On March 15, a group of socially-distanced students sitting in hula hoops gathered on the upper school lawn to watch the first live music performance at Nueva since March of 2020. While campus might have been quiet over the past year, the music never stopped playing—thanks to the adaptability and flexibility of our students and music teachers, Jason Muscat and Jim Munzenrider.
Heading into last spring, big plans were underway for a sold-out concert at SFJAZZ Center featuring calypso legend, David Rudder, and nearly 80 Nueva steel drum players representing all three divisions.
Students had put in countless hours of practice time in preparation, traveled to the Caribbean island of Saint Lucia to immerse themselves in the music and culture, and were ready to shine brightly on one of the Bay Area’s biggest stages when the world went into lockdown.
After working through the disappointment of the cancelation, Jim pivoted and led his students in a deep virtual exploration of calypso music and its cultural significance with David Rudder and a number of the other guest speakers. The concert with David Rudder has now been rescheduled for December 12, 2021 (so mark your calendars!)
As with so many aspects of the past year, going remote presented a challenge for the music program team. It also provided great potential for change, revision, and reinvention of the approach to teaching and learning. The music program at Nueva, beyond just the steel drum bands, has been no exception.
“We were able to make lemonade out of lemons in a way that will have a lasting impact on how I teach, perform, and understand this music moving forward,” Jim said. “The constraints we were working with allowed me to work one-on-one with students, developing some drum techniques and skills that were harder to focus on when we work as an ensemble.”
Drawing on a newfound and evolving understanding of virtual recording, Jim and Jason led the upper school bands in the recording of more than 20 jazz standards—well-known and important compositions—during the past year. Using online recording tools, they laid the foundational drum and bass tracks for student-musicians to build upon from home. The upper school Groove Workshop and jazz bands pioneered this practice in the spring, and middle school classes and bands followed in the fall.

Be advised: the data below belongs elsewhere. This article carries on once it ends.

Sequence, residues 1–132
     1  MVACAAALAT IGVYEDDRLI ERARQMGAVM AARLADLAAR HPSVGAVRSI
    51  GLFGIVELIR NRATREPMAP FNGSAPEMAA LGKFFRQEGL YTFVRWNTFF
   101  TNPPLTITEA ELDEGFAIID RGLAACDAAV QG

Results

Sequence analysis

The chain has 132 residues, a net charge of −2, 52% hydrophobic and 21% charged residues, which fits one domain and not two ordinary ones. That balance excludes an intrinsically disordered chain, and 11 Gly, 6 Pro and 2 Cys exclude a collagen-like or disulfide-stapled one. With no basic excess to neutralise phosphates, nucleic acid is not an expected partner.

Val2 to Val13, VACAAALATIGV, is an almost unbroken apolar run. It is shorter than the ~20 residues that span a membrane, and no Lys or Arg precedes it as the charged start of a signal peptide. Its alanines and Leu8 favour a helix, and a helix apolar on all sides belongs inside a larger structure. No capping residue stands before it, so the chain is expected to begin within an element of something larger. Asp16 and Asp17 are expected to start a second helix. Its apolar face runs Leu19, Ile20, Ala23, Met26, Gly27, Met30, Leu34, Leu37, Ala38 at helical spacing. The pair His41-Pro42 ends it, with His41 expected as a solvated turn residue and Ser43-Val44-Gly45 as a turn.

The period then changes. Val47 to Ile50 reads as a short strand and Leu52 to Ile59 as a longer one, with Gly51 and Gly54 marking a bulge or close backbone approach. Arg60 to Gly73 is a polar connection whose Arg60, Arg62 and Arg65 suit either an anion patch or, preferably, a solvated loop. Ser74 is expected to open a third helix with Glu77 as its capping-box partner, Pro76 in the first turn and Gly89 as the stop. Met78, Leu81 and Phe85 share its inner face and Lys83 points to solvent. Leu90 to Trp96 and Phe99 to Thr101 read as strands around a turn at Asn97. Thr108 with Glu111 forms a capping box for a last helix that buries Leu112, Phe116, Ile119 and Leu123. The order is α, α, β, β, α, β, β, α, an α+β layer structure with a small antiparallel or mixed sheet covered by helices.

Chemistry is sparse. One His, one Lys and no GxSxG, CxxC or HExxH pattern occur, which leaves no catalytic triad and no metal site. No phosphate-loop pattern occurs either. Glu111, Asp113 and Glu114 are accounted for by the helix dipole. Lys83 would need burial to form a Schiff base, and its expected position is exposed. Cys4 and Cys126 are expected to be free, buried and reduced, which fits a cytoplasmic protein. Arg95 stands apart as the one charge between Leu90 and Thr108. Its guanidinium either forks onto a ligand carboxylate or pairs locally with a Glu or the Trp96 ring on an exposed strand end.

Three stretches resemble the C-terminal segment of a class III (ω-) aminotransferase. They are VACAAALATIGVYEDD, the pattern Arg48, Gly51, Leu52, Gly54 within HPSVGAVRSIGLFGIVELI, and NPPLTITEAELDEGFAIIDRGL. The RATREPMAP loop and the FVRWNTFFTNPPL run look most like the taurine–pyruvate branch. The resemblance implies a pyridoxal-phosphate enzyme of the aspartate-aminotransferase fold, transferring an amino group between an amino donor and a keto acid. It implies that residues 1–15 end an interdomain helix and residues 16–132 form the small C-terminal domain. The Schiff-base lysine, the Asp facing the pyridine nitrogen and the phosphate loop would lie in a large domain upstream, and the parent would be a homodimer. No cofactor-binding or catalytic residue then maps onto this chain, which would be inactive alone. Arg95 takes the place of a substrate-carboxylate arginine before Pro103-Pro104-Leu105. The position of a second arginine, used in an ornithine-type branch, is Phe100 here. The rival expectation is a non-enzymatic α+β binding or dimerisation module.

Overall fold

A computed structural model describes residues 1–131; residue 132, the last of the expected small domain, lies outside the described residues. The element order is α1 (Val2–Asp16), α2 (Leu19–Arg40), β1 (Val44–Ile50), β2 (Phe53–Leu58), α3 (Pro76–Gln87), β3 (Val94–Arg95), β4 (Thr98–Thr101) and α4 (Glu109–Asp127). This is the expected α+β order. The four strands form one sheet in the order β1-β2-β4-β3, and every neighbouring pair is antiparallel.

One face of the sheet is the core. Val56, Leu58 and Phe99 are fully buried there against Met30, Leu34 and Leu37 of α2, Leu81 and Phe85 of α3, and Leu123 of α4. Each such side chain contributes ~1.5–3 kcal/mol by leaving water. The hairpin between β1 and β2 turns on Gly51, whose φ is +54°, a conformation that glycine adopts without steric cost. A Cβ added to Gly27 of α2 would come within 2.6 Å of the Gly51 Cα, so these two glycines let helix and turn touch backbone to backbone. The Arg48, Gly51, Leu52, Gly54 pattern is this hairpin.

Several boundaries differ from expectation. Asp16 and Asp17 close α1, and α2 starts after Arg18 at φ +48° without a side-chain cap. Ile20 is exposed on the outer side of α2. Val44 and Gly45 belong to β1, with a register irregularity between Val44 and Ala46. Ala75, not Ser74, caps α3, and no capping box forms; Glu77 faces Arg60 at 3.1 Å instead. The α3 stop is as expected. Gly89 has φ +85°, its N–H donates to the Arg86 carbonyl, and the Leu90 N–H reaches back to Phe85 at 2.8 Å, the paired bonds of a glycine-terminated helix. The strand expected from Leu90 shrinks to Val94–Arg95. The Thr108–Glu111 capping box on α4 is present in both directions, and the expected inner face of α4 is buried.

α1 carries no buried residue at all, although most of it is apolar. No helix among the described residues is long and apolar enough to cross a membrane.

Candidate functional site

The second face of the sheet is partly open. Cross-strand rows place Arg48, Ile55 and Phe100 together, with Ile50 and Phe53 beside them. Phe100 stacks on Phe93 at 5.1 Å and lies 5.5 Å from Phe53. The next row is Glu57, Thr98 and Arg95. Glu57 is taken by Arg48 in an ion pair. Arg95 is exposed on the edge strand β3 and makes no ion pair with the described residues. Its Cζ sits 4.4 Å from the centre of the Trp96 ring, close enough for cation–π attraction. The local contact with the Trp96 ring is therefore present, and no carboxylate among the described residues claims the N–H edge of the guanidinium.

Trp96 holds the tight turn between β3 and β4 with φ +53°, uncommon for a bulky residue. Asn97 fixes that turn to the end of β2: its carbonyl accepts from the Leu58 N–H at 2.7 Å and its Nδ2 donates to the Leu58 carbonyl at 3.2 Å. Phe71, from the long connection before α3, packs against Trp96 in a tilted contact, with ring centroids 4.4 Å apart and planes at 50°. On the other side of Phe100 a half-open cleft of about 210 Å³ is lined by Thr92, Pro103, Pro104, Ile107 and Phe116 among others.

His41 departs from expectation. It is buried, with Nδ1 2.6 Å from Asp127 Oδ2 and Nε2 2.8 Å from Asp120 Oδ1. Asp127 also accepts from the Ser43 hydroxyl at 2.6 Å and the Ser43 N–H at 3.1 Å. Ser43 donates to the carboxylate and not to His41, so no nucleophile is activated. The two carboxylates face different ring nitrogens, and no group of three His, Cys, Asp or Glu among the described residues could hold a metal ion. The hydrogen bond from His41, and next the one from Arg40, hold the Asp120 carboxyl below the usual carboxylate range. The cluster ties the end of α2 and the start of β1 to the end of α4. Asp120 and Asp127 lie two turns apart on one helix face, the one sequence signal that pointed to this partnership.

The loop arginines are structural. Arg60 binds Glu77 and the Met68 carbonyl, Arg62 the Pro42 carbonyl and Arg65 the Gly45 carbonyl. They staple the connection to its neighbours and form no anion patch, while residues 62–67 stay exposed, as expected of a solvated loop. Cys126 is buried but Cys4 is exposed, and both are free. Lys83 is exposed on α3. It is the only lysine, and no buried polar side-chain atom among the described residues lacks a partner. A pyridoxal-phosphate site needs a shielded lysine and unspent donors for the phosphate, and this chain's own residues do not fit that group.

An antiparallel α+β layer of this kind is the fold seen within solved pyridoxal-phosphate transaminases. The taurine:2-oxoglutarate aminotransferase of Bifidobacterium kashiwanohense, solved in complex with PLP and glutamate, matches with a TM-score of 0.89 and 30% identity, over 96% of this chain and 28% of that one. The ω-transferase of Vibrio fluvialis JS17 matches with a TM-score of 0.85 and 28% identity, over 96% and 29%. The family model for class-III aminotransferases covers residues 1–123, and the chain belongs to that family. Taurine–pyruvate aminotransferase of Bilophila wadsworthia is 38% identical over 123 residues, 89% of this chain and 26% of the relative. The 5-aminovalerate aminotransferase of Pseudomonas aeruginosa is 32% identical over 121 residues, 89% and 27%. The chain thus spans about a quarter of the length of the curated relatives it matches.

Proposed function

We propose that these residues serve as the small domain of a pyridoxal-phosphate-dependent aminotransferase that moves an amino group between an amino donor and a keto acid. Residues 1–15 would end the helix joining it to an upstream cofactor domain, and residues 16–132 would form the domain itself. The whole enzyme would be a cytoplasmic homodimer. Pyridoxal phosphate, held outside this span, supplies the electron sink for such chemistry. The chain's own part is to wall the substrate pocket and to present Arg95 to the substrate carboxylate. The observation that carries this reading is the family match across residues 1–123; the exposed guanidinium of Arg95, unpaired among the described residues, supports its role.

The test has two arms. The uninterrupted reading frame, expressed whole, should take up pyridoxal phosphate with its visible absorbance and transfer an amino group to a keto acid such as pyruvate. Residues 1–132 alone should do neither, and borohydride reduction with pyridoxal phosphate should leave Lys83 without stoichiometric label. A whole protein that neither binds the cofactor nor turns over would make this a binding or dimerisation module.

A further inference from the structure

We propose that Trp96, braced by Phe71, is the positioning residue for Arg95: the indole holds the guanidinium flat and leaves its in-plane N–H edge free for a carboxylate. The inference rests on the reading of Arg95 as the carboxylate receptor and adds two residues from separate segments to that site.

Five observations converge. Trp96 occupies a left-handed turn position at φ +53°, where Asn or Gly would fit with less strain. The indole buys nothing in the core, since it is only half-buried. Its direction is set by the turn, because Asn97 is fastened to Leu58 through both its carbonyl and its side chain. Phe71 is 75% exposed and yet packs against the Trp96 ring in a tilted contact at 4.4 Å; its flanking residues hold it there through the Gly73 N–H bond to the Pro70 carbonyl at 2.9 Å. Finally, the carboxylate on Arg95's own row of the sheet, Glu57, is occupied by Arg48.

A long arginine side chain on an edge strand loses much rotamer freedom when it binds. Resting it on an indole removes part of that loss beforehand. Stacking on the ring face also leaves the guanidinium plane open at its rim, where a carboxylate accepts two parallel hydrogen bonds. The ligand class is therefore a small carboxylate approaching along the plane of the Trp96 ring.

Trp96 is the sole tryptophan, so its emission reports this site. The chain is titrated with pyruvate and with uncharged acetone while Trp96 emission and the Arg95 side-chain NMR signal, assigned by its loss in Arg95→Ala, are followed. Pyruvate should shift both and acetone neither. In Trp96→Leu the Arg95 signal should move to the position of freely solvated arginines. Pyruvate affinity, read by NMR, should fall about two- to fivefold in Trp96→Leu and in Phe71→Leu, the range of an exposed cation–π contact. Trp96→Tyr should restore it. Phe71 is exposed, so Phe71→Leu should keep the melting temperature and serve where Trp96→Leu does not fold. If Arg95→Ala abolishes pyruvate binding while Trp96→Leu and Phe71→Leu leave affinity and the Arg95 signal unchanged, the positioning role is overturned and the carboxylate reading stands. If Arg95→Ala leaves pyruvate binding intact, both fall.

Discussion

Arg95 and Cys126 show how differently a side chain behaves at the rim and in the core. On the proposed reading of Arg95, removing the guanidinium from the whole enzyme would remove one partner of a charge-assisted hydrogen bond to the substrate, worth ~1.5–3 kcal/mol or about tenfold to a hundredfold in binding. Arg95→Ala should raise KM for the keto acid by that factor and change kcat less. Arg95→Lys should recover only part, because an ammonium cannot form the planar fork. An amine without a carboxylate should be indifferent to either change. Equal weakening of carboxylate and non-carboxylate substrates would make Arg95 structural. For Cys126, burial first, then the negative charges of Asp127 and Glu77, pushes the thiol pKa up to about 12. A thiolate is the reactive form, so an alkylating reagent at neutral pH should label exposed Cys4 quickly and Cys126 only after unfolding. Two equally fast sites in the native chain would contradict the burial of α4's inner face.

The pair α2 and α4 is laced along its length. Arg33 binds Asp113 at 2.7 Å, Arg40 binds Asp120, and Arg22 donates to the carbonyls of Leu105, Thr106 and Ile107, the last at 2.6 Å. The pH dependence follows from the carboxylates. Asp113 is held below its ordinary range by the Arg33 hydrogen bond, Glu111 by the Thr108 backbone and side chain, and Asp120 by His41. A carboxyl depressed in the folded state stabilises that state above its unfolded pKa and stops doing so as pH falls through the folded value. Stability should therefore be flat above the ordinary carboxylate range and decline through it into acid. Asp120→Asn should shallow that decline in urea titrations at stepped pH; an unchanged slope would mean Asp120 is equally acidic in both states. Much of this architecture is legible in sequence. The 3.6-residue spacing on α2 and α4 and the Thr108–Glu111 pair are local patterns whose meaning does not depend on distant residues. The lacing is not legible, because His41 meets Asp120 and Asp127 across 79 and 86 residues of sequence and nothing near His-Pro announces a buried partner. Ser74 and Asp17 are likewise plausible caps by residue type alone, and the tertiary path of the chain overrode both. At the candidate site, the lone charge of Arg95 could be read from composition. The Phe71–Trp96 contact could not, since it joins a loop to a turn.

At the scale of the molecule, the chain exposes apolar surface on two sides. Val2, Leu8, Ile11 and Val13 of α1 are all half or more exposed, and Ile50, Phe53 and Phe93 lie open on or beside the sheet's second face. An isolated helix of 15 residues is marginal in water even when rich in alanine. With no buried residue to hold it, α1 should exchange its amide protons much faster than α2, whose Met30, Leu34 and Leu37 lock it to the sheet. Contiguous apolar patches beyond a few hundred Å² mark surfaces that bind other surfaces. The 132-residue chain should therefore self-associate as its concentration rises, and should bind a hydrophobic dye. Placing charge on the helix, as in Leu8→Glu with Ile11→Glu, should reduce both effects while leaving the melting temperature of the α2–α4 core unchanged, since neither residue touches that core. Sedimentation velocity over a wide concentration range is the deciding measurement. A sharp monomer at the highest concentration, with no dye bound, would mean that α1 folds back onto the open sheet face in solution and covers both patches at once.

“The technology we have access to is remarkable and the students have learned so much,” Jason said. “We will definitely continue to explore the possibilities with digital recording as we return to the classroom. It’s important for musicians to understand how to create in an increasingly digital world. It is so inspiring to watch our students take an imperfect situation and create wonderful things.”
For more than a decade, one of the main goals of Nueva’s middle school music program has been to bring everyone into the musical discussion—from Menuhin-Dowling performers to students who have never picked up an instrument before. Going remote presented a foundational challenge to this approach and required a reimagining of the entire curriculum. The challenge has produced a meaningful and lasting change.
“The pandemic required us to make a 180-degree shift from live music instruction to something new.” Jim explained. “With our sixth-grade music classes, we were still faced with the challenge of reaching kids who have never played music. Jason and I discovered an online music theory program that is game-based and includes skills related to mixing and recording. Using a variety of software, we are able to bring more students and skill sets into the fold. Recording used to be the end game, and now it can be part of the process from the beginning.”
As it has for so many members of our community, the past year has provided the opportunity for Jim and Jason to reflect upon how they work with and educate students.
“I'm grateful for learning so much more about music production, video editing, sound mixing, and sound editing,” shared Jason. “I will come back to campus with a much broader skill set which will have a positive impact on my classes and the way I teach.”